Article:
Transferrable skills can be broken down into several categories: general, interpersonal, management, clerical, research and planning, and computer skills. By evaluating employees based off of these categories, companies can better understand where their labor force has significant overlap and where it’s lacking. Having this knowledge will enable any organization to be better equipped to quickly and flexibly adapt to economic shifts, like the shift caused during the Coronavirus pandemic.
A company that evaluates talent based on their number of years in a particular position instead of what skills they have will miss opportunities to increase efficiency, as well as leave many talented people unsatisfied with their career progression. Although employees with education and experience are valuable in their role, many people are not even working in an industry that is related to their college major. An analysis conducted by the Federal Reserve Bank of New York found that only 27 percent of college graduations are working in a job related to their major. This is a clear indication that skills learned during college can be largely transferrable, and that highly capable people are able to make transitions to new responsibilities with these skills.
Tips to Start Developing a More Skills-Based Approach
Despite an unemployment rate of 5.8%, according to the U.S Bureau of Labor Statistics, there are over 8 million jobs in the United States that remain unfilled (Federal Reserve Bank of St Louis Economic Research Facility). One of the many reasons for this is that many of those jobs are technical positions and companies are still sourcing these employees using a traditional approach that focuses on education and experience.
Implementing Objective Measures
Many business leaders tend to take bachelor’s degrees as proxies for both hard and soft skills, and therefore filter their hiring practices to match this perception. This can unnecessarily shrink the pool of qualified candidates. Implementing objective measures of an applicant’s suitability for a job can help employers understand the full range of a candidate’s qualifications.
Although this may seem like common sense to some, many firms do not assess a candidate’s skills until the final round of interviews. By this time in the process, candidates without the educational requirements, but with the necessary skills, are already disqualified. According to the VP of talent at IBM, Joanna Daly, nearly one-third of employees working in high-tech jobs at the IBM Rocket Center don’t have bachelor’s degrees. What these managers understand is that they need a candidate who has the skills, like coding in C++, and not just the four-year degree.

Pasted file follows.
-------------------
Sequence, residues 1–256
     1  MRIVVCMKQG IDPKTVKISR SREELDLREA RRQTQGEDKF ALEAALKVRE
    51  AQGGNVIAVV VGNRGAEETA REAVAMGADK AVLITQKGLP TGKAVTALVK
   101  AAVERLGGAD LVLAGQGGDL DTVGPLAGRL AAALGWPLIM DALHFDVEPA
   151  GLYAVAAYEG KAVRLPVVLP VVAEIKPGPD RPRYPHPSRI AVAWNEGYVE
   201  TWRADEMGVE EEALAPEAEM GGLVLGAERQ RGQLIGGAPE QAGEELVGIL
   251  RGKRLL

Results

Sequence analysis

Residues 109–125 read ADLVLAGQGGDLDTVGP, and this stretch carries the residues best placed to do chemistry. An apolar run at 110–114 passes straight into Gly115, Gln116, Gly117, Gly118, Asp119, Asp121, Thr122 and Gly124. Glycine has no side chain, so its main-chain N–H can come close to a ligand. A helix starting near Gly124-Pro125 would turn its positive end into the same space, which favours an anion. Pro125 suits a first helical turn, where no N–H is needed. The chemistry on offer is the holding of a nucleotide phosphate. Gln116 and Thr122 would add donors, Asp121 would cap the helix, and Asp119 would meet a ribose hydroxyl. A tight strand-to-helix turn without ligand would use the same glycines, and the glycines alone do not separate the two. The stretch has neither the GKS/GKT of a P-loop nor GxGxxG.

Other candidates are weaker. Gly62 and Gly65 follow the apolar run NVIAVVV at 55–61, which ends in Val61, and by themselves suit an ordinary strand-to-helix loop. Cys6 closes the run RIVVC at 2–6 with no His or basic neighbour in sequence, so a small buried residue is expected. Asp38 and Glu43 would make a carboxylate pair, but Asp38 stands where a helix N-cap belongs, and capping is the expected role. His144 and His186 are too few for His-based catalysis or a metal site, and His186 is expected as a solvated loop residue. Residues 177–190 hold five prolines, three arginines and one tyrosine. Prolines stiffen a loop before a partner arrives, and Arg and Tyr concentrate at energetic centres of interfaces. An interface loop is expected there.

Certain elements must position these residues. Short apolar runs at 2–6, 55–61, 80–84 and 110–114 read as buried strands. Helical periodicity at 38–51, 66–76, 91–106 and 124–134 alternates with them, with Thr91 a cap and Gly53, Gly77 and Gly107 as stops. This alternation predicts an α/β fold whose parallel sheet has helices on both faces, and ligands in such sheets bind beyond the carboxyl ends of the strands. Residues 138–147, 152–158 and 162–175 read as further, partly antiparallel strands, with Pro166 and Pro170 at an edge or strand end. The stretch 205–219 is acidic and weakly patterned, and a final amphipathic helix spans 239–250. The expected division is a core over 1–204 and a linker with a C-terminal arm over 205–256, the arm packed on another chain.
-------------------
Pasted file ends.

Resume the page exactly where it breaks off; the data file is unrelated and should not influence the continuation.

With any company that has already invested resources into the traditional method of talent acquisition, there will certainly be some push back from within the company. HR managers will have to make adjustments to several mechanisms in the hiring process. But these obstacles can be overcome. For example, there are several online tools that can help with manager training, evaluating competencies and skills, writing job descriptions, and using inclusive interviewing techniques.
Once they have acquired the necessary tools, upper management can begin discussing with HR and other managers about the core competencies for each position. Once these competencies have been accurately defined, they will need to be validated. For companies with traditional hiring practices, this will mean a complete reversal of the hiring process. This step is essential to making the transition to a skills-based method, as only those individuals who meet or pass the requirements in the skills assessment will be allowed to move onto the next step in the process.
There are many ways to evaluate a candidate’s proficiencies. For example, HackerRank is an online service that helps determine proficiencies in coding. By validating these skills early, companies can decrease the time it takes to find the right candidate and improve their suitability to that particular position.
This process will not remove the necessity of interviews or verifying someone’s references, but it does reverse the order and prioritizes skills. As with any new business practice, a switch to skills-based hiring will require management to buy in. For those companies new to this practice, it may be best to start with a trial run, using a very technical position. It is best to start a trial run with a technical position because identifying and validating skills is more easily accomplished than with a more general position. Managers and HR can use this trial to familiarize themselves with the process and begin implementing it in a broader context within the company.
To succeed in implementing a skills-based approach, stick to what has been shown to work. Do not try to make these adjustments individually. Find a local chamber of commerce or business group and use online tools and resources that can facilitate this process.
You do not have to implement skills-based hiring all at once. Start small to familiarize staff with the process. Finally, clearly identify the skills that are needed for each position and assess a candidate’s abilities early in the interview process instead of at the end.
By following these steps, companies will be able to flexibly and accurately adjust to changes in the labor market. Using skills-based hiring practices will prepare any organization to stay ahead of industry trends and react to unexpected market fluctuations in ways that will allow them to not only survive but thrive.